Escape to Ohio & the Journey Home
The different forecast models Lisa Fleck closely studied came together to form a single grim prediction: Her community on Big Pine Key, FL, was likely to be walloped by Irma.
Rather than buckle, Fleck flew into action, convincing locals to evacuate and helping people find accommodations outside the island where they could pass the storm in safety. Part of her effort included serving as a conduit between Keys’ residents and a friend in Orlando who was able to house dozens of evacuees. “If the inordinate amount of time I spent away from work and income helped save one life, then it will all have been worthwhile,” says Fleck, CEO of HMS Promo Products.
By the time the formal evacuation orders came, Fleck and her husband Don had already buttoned up their home and retreated to a second residence they maintain in Ohio. While there, Fleck was able to continue working. That was important, given that she was in the midst of orchestrating the final stages of a six-figure order for her client, 20/20 Management Solutions. 20/20 was under agreement to support a licensed California cannabis manufacturer who was nearing the launch of Hello Mello, a precision pre-roll cannabis product. “It’s not their fault that my life was going crazy because of a hurricane,” says Fleck. “They needed this done, and I had to get it done for them.”
Of course, Fleck’s mind was never far from the Keys. Social media groups allowed her to connect with other island residents who were enduring similar experiences. Through online channels she was also able to confirm that people she was concerned about were safe, and to review aerial photographs taken by private pilots that seemed to indicate her home was OK.
Between work and monitoring the Keys, Fleck and her husband prepped to take a load of supplies back to their home island, filling up a U-Haul trailer with necessities such as food, gas and water. Ultimately, once the weather cleared and it was feasible, the pair embarked for home, trailer in tow. It was a long, sleepless journey, during which Fleck spent time using a hot spot to continue conducting business.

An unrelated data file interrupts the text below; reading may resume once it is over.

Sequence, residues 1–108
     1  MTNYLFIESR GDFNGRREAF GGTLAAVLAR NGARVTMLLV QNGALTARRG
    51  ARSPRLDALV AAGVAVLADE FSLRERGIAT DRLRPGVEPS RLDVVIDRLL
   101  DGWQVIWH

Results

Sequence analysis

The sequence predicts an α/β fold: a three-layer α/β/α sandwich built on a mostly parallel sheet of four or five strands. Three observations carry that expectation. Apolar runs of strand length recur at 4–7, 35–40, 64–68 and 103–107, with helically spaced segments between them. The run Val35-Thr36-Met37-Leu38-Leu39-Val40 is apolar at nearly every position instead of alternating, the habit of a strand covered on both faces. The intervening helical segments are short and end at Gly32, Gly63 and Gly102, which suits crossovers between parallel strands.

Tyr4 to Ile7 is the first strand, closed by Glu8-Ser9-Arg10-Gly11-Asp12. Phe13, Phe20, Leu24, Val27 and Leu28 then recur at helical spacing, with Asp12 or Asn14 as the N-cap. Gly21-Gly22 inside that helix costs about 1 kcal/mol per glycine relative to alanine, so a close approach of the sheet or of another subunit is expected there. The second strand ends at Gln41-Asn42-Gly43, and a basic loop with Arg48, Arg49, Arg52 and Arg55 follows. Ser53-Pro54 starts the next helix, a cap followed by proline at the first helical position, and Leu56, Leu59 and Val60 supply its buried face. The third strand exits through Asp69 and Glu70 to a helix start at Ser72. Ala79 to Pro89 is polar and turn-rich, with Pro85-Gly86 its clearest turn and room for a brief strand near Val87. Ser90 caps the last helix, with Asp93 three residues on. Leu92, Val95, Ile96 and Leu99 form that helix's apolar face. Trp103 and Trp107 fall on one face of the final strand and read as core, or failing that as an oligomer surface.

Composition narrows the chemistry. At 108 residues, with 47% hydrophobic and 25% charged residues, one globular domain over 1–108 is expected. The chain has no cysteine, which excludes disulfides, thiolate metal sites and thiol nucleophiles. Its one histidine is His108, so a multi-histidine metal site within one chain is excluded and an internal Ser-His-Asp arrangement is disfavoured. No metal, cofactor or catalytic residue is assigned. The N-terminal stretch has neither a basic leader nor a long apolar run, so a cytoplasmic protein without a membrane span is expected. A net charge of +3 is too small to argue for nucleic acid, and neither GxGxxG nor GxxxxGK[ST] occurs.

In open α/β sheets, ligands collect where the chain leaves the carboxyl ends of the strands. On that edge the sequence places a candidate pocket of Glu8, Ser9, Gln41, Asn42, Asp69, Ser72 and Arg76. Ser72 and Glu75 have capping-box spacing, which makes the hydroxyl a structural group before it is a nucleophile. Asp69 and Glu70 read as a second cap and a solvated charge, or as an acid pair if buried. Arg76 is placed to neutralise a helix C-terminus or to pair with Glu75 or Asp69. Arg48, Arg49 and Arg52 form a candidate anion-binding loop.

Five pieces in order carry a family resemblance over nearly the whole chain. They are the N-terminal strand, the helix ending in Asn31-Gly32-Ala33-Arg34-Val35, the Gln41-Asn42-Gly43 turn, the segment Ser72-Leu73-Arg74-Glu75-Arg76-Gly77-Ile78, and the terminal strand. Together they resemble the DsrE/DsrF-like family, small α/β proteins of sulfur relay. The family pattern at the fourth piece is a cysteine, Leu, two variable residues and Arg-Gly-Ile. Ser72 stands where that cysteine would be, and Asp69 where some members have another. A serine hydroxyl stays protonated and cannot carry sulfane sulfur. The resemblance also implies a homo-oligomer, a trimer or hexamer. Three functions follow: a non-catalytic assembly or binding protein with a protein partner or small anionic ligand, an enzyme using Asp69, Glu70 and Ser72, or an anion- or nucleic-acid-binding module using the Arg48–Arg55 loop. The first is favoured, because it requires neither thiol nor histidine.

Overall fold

Nonetheless, after traffic travails and other challenges, they reached home to encounter Irma’s work firsthand. It was a blow. Water was not drinkable. Power poles were snapped like twigs, and there was likely to be no electricity for a few weeks. As counterparts in Texas also experienced, looters were on the prowl. “I ‘deterred’ a van with two guys not from our street by strolling out front casually holding a shotgun after they cruised to the end of our street and turned around,” says Fleck. “They said they were looking for a house they rented, but I didn’t buy it. I told the police.”
Despite it all, however, Fleck was fortunate. Her home – out of which she works – had sustained damage, but remained structurally sound. “We were among the lucky ones,” says Fleck, who was confident that, working together, Big Pine Key would heal and move on.
“When I say the Keys are a family of islands, I mean people treat each other like family,” says Fleck. “Everybody helps everybody, no more so than when we’re up against something like this. There’s a quote I like, ‘Fate whispers to the warrior, ‘You can not withstand the storm.’ The warrior whispers back, ‘I am the storm.’ That’s us down here. To a large degree you determine your own fate and destiny. We will overcome this.”
Hurricane Maria Devastating For Puerto Rican Distributors
In September, not long after Irma and Harvey, Hurricane Maria savaged islands in the Caribbean. Puerto Rico, a U.S. territory where there are about 100 ASI-listed distributors, was among the worst affected locations.
The storm kocked out power, destroyed homes and businesses, and rendered commerce all but impossible for distributors still reeling from Irma’s impacts. Highlighting the plight was an email away message from Silvia Gonzalez of San Juan-based The Printer Lion (asi/299504). The company had already been without power for two weeks from Irma when Maria made landfall.
“We are making every effort to work and submit orders our standard way, but sometimes it is just not possible,” wrote Gonzalez. “We appreciate your patience and ask that you work with us through this emergency. It seems like it will take some time to recover.”
Email: email@example.com; Twitter: @ChrisR_ASI